$1 Million Faculty Gift Supports Graduate Students
A dedicated teacher and scholar, Dr. Gerhard Friedrich Strasser, professor emeritus of German and comparative literature at Penn State, has made a $1 million commitment in his estate to support graduate students in comparative literature and Germanic and Slavic languages and literatures.
The gift is one of the largest ever made by a current or emeritus faculty member in the College of the Liberal Arts and designates the proceeds from the future sale of real estate for support of graduate education in the Departments of Comparative Literatures and Germanic and Slavic languages and literatures.
“I am very grateful for Gerhard’s generosity, which will help attract the best graduate students to our college — students who, in turn, will become great teachers and scholars and contribute to their communities,” said Susan Welch, dean of the College of the Liberal Arts. “During his tenure at Penn State, Gerhard was an outstanding teacher of undergraduates and a committed mentor to his graduate students. Even today in retirement, he remains active in scholarly and public activities, and he remains devoted to educating others in creative and memorable ways.”
Strasser joined Penn State in 1979 as an assistant professor of German and Comparative Literature and rose through the ranks to the title of professor. For 25 years, he achieved an impressive record of teaching and research in an unusually broad range of topics including emblematics, cryptology, historical linguistics, the history of education and seventeenth-century travel literature. He taught many undergraduate courses ranging from freshman seminars to honors courses. Gerhard also served as head of the Germanic and Slavic Languages and Literatures Department from 1997 to 2000. He retired in 2004 and was awarded the title of professor emeritus of German and comparative literature.
“I have spent much of my scholarly career in the Liberal Arts here, and it was clear that the college should be one of the benefactors of my estate,” Strasser said. “During my 25 years in the two departments, there certainly were hard times on campus, but the faculty like myself continued to receive support for extensive research, and this policy continues to show the results of this support today. I am paying back some of the crucial support I received early during my career at Penn State, and I hope to help future generations of graduate students, who are the core of our two departments.”
Prior to his retirement, Strasser authored two important monographs, Lingua universalis: Kryptologie und Theorie der Universalsprachen im 16. und 17. Jahrhundert (Lingua universalis: Cryptology and Theory of Universal Languages in the 16th and 17th Centuries) and Emblematik und Mnemonik der frühen Neuzeit im Zusammenspiel (The Interaction Between Emblematics and Mnemonics in the Early Modern Period).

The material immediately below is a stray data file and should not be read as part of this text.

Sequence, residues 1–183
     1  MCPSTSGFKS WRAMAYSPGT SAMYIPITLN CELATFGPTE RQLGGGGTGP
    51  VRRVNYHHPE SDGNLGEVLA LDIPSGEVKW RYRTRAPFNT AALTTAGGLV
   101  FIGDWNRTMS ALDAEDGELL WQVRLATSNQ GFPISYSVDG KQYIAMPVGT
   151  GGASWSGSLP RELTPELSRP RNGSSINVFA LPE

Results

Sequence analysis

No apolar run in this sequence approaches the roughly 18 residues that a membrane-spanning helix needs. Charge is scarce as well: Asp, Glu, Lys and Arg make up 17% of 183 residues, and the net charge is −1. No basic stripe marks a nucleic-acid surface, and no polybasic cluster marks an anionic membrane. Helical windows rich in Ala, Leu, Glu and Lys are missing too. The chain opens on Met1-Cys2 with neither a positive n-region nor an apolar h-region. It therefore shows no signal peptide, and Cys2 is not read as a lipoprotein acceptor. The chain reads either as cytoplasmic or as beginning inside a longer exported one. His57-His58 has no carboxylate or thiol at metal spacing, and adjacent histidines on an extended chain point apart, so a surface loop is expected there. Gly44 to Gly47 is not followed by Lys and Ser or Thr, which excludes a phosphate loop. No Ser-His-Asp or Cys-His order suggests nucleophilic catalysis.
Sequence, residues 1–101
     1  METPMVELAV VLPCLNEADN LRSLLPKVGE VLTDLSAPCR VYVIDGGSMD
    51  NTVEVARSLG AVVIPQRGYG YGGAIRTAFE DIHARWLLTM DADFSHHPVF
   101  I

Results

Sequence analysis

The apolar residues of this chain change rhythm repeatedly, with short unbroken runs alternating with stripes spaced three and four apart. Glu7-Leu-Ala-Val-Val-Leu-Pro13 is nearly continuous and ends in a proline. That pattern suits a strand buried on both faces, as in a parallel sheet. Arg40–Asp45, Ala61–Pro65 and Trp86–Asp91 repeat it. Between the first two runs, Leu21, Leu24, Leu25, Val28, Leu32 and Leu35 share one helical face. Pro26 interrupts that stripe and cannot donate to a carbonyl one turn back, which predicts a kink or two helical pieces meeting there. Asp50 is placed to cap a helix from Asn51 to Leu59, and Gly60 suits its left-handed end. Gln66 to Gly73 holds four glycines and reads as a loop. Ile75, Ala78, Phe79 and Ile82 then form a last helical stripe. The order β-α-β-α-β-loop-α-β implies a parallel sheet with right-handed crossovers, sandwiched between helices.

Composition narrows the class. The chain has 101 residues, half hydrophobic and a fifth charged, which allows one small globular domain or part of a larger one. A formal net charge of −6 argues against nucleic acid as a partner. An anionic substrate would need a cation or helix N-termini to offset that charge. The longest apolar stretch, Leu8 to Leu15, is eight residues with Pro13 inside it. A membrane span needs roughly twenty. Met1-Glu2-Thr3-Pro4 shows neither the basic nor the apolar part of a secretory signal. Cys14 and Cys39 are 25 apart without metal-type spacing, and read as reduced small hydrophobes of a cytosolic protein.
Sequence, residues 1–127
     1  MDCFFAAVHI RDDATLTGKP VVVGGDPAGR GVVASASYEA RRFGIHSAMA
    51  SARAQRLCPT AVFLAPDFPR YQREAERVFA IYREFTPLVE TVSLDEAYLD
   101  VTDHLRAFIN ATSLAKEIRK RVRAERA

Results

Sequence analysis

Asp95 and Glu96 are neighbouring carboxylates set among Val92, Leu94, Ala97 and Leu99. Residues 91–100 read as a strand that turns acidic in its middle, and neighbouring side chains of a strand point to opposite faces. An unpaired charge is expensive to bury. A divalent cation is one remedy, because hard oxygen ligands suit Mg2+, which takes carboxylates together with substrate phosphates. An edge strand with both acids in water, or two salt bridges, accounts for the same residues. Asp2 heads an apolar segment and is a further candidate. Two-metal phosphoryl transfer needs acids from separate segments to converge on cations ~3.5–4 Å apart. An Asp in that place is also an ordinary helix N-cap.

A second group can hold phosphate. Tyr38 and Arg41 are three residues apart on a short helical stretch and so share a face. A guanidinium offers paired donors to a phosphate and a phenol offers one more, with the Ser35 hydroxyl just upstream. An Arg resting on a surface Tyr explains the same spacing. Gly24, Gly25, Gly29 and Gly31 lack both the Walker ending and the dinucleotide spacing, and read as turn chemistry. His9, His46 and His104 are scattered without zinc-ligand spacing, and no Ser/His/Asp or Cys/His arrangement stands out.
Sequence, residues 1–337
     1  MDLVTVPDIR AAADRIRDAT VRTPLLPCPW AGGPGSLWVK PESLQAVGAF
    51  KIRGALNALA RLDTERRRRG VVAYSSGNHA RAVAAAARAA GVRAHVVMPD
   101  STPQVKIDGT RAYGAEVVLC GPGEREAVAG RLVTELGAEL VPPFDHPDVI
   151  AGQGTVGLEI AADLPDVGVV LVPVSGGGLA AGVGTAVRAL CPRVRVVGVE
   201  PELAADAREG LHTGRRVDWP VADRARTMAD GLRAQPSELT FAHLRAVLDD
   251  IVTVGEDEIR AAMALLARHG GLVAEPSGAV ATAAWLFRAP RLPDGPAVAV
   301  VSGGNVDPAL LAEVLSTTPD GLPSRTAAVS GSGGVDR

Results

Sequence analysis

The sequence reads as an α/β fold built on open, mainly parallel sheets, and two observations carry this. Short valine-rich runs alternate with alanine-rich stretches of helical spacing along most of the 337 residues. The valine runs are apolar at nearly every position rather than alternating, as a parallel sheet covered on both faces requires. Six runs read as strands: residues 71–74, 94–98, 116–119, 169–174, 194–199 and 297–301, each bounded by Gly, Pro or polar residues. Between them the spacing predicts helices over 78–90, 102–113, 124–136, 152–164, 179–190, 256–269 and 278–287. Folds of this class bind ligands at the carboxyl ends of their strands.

Over the past eight years, Strasser has published extensively on the 17th-century German polymath Athanasius Kircher. In 2007, he contributed a 50-page article on “The Rise of Cryptology in the European Renaissance” to The History of Information Security: A Comprehensive Handbook. Today, Gerhard continues his research work in two of Germany’s great libraries, the Herzog August Bibliothek in Wolfenbüttel and the Bayerische Staatsbibliothek in Munich, and he continues to be a productive scholar. The College of the Liberal Arts awarded him with the 2012 Emeritus Distinction Award for significant accomplishments in research and publication after his retirement.
Strasser is a leading supporter of the current University-wide fundraising effort, For the Future: The Campaign for Penn State Students. The campaign is directed toward a shared vision of Penn State as the most comprehensive, student-centered research university in America. The University is engaging Penn State’s alumni and friends as partners in achieving six key objectives: ensuring student access and opportunity, enhancing honors education, enriching the student experience, building faculty strength and capacity, fostering discovery and creativity, and sustaining the University’s tradition of quality. The campaign’s top priority is keeping a Penn State degree affordable for students and families. The For the Future campaign is the most ambitious effort of its kind in Penn State’s history, with the goal of securing $2 billion by 2014.